Why Matthias? God’s Continuing Work
“May another take his place of leadership. Therefore, it is necessary to choose one of the men who have been with us . . . to take over this apostolic ministry. Then they cast lots, and the lot fell to Matthias, so he was added to the eleven apostles.” (Acts 1:20, 25-26)
After Judas’ suicide, the disciples sought to fill his office with a 12th apostle. There were two definite qualifications (1:22) for this successor: (1) he must have been present with the other disciples for the three-year period of Jesus’ public ministry; and (2) they must have been witnesses to his resurrection.
Some people speculate that the apostles were in error as they did this. As Peter calls for the replacement of Judas, some Christians think this act was incorrect. They either say the early church used the wrong method or the wrong occasion.
– The Method (‘Lots’) was wrong. It is alleged that if these were truly spiritual, they would have waited for the Holy Spirit to more directly guide and specify who was to be the successor. It was wrong and unspiritual to resort to the casting of lots. To be sure, this method may be descriptive and not prescriptive. By that I mean, what actually happened is described; however, it is not mandatory for all elections to occur by casting of lots. Sanctified judgment may be used in the church.
– The Timing was wrong. Others suggest that the church should have waited for Paul. This other criticism is that these disciples ‘ran ahead’ of the Lord’s will by prematurely electing a replacement for Judas. The theory is that the Lord really had selected Paul, and that these early Christians erred in running ahead to elect Matthias, when they should have waited on Paul. However, besides apparently second-guessing the Lord, this theory is unfounded and calls into question what God evidently led, merely to accommodate someone’s preferred script.
– Better is the interpretation that the early church took the correct action. Far better would it be to acknowledge the casting of lots as appropriate here, even if not apt for the rest of situations.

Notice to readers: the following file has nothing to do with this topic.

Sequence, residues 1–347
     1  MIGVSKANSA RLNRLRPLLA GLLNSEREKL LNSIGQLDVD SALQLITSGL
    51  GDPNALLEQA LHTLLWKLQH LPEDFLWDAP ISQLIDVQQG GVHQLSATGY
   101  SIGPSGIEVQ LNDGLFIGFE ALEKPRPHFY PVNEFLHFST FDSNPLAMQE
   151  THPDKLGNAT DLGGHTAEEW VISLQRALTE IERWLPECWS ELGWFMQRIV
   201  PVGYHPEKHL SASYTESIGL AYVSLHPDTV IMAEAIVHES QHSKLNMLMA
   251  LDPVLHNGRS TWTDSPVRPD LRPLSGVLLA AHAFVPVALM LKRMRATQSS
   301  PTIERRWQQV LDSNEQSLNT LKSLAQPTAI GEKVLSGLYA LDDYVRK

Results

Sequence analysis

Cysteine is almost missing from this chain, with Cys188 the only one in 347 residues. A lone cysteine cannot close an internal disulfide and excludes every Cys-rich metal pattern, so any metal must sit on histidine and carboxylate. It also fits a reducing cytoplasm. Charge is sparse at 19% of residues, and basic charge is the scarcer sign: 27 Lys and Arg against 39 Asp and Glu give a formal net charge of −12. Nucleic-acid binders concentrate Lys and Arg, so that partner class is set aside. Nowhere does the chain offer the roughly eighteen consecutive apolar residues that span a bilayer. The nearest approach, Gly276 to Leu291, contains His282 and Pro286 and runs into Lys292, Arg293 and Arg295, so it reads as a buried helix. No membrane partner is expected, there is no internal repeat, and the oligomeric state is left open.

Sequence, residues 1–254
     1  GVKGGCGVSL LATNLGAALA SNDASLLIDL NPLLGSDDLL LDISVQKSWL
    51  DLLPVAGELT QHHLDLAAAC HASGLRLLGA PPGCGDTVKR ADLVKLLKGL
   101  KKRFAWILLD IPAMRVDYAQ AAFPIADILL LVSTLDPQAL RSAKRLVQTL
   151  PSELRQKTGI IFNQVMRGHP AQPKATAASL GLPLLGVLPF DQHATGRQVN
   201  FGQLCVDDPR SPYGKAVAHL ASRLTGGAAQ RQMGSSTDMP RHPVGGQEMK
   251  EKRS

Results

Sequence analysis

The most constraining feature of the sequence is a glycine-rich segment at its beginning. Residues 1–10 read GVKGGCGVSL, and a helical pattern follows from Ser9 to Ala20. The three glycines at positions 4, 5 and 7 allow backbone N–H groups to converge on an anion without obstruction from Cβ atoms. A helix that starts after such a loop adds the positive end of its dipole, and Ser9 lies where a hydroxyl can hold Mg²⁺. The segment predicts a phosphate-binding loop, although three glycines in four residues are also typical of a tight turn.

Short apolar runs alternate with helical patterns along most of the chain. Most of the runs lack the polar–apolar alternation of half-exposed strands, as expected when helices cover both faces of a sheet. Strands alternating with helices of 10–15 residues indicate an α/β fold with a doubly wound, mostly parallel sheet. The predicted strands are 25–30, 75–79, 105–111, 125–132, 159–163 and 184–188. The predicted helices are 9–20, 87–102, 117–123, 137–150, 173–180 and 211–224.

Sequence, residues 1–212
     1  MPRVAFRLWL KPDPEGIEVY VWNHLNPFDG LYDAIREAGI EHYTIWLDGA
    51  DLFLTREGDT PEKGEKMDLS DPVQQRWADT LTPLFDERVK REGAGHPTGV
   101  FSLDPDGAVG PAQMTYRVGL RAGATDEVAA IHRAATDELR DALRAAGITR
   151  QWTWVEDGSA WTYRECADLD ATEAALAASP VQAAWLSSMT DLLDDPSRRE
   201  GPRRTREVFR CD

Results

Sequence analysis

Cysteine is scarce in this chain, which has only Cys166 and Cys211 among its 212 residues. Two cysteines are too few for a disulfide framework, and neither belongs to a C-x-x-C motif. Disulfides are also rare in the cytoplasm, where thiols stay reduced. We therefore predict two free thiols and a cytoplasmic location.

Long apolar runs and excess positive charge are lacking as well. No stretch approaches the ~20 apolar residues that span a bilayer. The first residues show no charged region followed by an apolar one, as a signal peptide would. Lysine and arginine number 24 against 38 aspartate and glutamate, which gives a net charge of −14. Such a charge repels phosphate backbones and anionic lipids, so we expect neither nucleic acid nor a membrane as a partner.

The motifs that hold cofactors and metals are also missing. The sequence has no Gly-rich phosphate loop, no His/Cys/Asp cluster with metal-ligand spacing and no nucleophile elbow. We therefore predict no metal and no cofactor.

David Pao, a New Testament Professor at Trinity Divinity School outside of Chicago, in his book, Acts and the Isaianic New Exodus, makes several salient points on this topic. He notes that the number 12 is important. There were 12 tribes of Israel, there were 12 original disciples, and the final book of the Bible refers to the 12 redeemed tribes. The point is that the church in the NT, just as in the OT, is to have his full leadership.
Pao argues that the election of Matthias is part of the reconstituting of true Israel. Judas is called “one of the twelve” in Luke 22, and that same term is used by Luke in Acts 1:17. He notes succinctly: “In Acts 1:12-26, therefore, the election of Matthias to complete the circle of the twelve should be understood as signaling the beginning of the restoration of Israel, for the twelve apostles become representatives of the twelve tribes of Israel.” Luke seems very aware that God’s work is ongoing; also, that it arcs back to his call to Israel. Indeed, it is almost as if Acts is a New Exodus, with God’s protected and chosen people being delivered from evil enslavement.
It is not necessary that these Twelve all be related to physical Israel (nor is it, later, for deacons in Acts 6:1-7 to be Jewish), yet the Spirit is certainly constituting a new, true Israel. Luke also seems to draw on Isaiah many times, intentionally yoking his writing to the theme of God leading Israel as a chosen son.
So, yes, the Lord wanted a 12th apostle as quickly as possible, without interruption of his divine movement—not waiting years on the apostle Paul. David Pao notes that the recurrent symbolism of “the Twelve” also finds “its climactic manifestation in this reunification of the people of Judea and Samaria; and the outpouring of the Holy Spirit that follows further confirms the significance of this passage that witnesses the accomplishment of a major step in the New Exodus program in Acts.”
Yes, the Risen Lord is continuing his work—the method and timing of Matthias, even though he’s not mentioned again in the Bible—was a confirming work of the Holy Spirit. It is a covenantal work that started long ago, before the foundations of the world were laid, offered to Abraham’s seed, and now it is flowing to the ends of the earth.
Acts is telling us about God’s continuing, unstoppable march. Count on it—it will not wither or die or fade. And we are blessed to be included in that.
We are not numbered as one of the “12,” but we are among the “144,000”—a number that symbolizes the whole company of God’s elect.
Rejoice today that your name is written in the Lamb’s Book of Life.